12. Division of labor & social solidarity • The Division of Labor in Society challenged claim that modern society was headed towards disintegration • Despite declining significance of traditional moral beliefs (rooted in religion), a new system of moral regulation could be found in the differentiated DOL • Not based on formal contracts, as utilitarianssuggest • Social norms upholding contracts give them force - "noncontractualbasis of contract" • Contemporary society still has a moral order!

  13. A new type of solidarity • social solidarity: the cohesion of social groups • In modern societies, mechanical solidarityis supplanted by a new type of social cohesion: organic solidarity  contemporary society still has a moral order!

  14. There are two types of positive solidarity: mechanical & organic • mechanical solidarity, links the individual to society without any intermediary • Society is organized collectively and is composed of beliefs common to all members of the group • The individual consciousness depends on the collective consciousness • collective conscience: “the totality of beliefs and sentiments common to average citizens of the same society” that “forms a determinate system which has its own life”

  15. Mechanical vs. organic solidarity • Where mechanical solidarity is the main basis of societal cohesion, collective conscience completely envelops the individual conscience and therefore presumes an identity between individuals in their beliefs and actions • With organic solidarity, society is a system of different functions united by definite relationships, which bring about the DoL

  16. DoL & social solidarity • In modern DoL, each individual must have a sphere of action and a personality which is his own • Individuality grows at the same time as the parts of society • Society becomes more effective at moving in concert though at the same time each of its elements has more movements that are peculiarly its own • Solidarity stems not simply from acceptance of common set of beliefs but from functional interdependence in DoL • The growth of organic solidarity and the expansion of the DOL are associated with increasing individualism • The progress of organic solidarity is depends on the declining significance of the collectiveconscience

  17. The Rules of the Sociological Method 1895

  18. A science of morality • ED sought to treat the facts of moral life according to the method of the positive sciences • vs. the moral philosophers who began with a priori postulates about essential human nature • & vs. psychology, where propositions are applied through a process of logical deduction • ED sets out not to extract ethics from science, but to establish a science of morality • moral rules develop in society and are bound up with the conditions of social life pertaining in a given time and place • science of moral phenomena thus sets out to analyze how changing forms of society effect transformations in the character of moral norms and to observe and classify these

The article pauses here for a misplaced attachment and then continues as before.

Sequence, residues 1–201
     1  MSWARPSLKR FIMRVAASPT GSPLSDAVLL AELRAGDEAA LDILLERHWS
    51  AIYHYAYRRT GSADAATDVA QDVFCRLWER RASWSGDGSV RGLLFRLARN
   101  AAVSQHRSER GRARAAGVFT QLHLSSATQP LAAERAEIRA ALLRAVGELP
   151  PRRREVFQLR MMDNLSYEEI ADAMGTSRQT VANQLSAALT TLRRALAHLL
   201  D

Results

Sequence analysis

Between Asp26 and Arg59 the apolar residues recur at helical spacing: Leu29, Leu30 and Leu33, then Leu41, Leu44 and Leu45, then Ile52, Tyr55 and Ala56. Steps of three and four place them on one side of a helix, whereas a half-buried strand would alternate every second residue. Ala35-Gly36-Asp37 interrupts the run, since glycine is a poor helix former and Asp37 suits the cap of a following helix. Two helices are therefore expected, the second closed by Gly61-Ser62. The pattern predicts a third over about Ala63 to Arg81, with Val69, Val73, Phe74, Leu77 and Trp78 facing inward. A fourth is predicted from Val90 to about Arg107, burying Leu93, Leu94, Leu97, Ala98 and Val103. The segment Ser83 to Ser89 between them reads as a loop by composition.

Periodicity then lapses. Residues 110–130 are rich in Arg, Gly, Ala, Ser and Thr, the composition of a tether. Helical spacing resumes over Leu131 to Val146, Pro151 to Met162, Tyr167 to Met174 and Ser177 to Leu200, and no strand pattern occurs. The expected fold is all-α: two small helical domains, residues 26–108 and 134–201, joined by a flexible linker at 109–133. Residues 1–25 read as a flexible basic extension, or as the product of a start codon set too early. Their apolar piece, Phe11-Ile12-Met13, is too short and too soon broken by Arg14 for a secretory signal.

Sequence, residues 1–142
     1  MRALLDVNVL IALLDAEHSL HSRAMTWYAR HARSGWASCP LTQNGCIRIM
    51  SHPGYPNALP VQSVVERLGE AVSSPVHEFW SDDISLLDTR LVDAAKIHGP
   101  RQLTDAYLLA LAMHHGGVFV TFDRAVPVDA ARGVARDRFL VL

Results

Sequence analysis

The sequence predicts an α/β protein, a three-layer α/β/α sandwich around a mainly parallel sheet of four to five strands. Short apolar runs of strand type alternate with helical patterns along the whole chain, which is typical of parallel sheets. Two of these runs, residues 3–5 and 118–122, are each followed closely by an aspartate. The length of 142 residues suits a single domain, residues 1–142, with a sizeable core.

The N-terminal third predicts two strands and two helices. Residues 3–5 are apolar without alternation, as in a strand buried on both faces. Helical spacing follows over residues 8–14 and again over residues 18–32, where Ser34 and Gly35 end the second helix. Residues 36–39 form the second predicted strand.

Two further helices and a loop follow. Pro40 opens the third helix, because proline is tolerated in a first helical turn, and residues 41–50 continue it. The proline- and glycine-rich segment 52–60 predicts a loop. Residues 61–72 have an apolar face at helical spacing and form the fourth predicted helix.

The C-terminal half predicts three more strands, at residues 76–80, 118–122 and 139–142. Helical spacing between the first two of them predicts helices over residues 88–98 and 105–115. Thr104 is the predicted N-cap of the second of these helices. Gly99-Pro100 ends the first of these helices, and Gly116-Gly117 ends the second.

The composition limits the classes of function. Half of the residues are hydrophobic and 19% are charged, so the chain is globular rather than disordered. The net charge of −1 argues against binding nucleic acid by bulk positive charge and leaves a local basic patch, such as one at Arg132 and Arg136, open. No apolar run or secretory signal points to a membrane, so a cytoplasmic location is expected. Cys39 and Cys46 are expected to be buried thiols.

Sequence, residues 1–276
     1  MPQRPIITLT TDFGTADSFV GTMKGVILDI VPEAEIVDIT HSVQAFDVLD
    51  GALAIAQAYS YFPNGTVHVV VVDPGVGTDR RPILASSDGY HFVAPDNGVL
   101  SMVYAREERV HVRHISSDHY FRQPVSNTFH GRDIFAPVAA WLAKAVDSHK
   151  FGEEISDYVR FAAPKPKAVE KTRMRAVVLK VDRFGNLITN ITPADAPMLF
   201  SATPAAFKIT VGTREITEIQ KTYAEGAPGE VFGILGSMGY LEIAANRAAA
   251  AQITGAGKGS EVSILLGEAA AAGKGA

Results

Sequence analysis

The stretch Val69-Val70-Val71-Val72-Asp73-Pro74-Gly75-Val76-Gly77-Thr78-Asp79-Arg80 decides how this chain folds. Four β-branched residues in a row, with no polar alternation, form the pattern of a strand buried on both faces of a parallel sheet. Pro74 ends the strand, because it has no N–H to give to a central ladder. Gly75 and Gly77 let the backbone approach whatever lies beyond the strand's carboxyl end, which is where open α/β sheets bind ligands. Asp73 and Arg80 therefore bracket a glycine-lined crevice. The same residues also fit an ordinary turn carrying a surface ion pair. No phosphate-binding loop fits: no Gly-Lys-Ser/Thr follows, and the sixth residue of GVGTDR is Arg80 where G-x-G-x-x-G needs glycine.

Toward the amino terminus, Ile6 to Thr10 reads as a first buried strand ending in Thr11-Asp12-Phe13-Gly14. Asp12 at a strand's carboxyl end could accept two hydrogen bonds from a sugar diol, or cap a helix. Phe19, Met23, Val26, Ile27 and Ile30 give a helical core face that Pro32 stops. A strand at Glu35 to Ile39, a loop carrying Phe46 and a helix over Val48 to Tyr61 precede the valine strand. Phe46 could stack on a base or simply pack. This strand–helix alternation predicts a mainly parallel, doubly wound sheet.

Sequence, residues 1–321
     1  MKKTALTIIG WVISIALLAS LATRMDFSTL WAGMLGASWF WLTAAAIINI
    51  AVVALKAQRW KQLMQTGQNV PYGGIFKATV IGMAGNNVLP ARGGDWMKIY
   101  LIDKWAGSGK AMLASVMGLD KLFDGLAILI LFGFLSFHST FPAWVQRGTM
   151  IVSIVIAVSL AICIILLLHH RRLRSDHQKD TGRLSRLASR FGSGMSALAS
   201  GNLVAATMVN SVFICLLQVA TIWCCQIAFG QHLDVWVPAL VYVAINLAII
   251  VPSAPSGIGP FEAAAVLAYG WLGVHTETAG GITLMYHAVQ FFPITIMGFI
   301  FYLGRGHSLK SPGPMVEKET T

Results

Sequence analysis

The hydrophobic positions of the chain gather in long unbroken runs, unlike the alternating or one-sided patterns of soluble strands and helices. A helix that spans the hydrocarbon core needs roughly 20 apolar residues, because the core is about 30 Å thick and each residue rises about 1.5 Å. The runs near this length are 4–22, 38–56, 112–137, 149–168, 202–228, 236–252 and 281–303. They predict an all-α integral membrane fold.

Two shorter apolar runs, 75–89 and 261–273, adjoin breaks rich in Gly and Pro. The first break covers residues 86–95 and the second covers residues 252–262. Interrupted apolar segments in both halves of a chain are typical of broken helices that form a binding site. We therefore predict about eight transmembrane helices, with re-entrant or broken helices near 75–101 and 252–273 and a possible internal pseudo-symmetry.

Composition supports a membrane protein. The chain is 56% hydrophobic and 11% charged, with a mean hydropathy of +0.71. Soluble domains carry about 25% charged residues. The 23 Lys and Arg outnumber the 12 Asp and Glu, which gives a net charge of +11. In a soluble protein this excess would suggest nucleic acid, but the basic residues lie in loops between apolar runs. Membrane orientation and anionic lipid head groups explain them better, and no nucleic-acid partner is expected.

19. Sociology is the study of social facts • Sociology is a distinct field of study • Although the social sciences are distinct from the natural sciences, the methods of the latter can be applied to the former • The social field is also distinct from the psychological realm social facts: conditions and circumstances external to the individual that, nevertheless, determine the individual’s course of action

  20. Crime is normal • Crime is present in all societies of all types • Its form changes • acts thus characterized are not the same everywhere but everywhere and always there have been people whose behavior draws punishment • Crime is not only inevitable, it is necessary - an integral part of all healthy societies

  21. What is crime? • Crime consists of an act that offends certain very strong collective sentiments • It is not the intrinsic quality of a given act that makes it a crime, but the definition which the “collective conscience” of society gives it

  22. Crime plays role in social evolution • Where crime exists, collective sentiments are sufficiently flexible to take on a new form, and crime sometimes helps determine the form they will take • ED: “Socrates’ crime, independence of thought, provided a service not only to humanity but to his country, preparing the ground for a new morality & faith in Athens, since traditions were no longer in harmony with current conditions” • his violation was a crime, but it was useful as a prelude to necessary reforms

  23. Crime has a social function • Crime must no longer be conceived as an evil to be suppressed • Instead, we should attempt to discern its social function, the purpose it serves for society